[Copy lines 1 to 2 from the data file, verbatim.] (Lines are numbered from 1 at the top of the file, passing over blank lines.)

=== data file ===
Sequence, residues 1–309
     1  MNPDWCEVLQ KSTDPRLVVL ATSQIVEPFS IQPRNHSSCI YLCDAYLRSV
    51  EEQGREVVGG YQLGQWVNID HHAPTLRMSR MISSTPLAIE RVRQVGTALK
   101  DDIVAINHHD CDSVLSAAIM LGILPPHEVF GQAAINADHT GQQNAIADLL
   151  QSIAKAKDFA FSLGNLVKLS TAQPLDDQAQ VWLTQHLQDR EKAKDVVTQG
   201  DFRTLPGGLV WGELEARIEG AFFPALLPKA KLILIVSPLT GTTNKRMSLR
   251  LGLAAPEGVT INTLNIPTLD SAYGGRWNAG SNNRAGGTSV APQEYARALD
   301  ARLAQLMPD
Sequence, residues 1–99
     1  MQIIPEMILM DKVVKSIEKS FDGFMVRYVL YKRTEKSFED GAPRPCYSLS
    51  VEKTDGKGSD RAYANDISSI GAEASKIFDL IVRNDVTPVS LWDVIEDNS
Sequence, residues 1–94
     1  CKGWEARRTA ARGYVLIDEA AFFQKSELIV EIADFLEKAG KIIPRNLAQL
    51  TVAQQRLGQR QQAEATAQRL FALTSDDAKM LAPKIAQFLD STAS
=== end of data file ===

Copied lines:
Sequence, residues 1–309
     1  MNPDWCEVLQ KSTDPRLVVL ATSQIVEPFS IQPRNHSSCI YLCDAYLRSV